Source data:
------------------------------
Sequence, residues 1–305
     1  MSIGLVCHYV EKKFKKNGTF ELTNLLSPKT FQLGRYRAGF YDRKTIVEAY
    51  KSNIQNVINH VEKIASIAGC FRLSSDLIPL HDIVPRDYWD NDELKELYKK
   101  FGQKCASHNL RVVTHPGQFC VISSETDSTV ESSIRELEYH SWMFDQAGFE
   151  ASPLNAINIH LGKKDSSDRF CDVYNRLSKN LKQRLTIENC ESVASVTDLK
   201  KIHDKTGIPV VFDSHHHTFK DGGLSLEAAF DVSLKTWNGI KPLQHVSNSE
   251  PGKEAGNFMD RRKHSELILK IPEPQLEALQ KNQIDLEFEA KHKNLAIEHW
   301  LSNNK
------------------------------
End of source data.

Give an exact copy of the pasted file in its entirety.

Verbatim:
Sequence, residues 1–305
     1  MSIGLVCHYV EKKFKKNGTF ELTNLLSPKT FQLGRYRAGF YDRKTIVEAY
    51  KSNIQNVINH VEKIASIAGC FRLSSDLIPL HDIVPRDYWD NDELKELYKK
   101  FGQKCASHNL RVVTHPGQFC VISSETDSTV ESSIRELEYH SWMFDQAGFE
   151  ASPLNAINIH LGKKDSSDRF CDVYNRLSKN LKQRLTIENC ESVASVTDLK
   201  KIHDKTGIPV VFDSHHHTFK DGGLSLEAAF DVSLKTWNGI KPLQHVSNSE
   251  PGKEAGNFMD RRKHSELILK IPEPQLEALQ KNQIDLEFEA KHKNLAIEHW
   301  LSNNK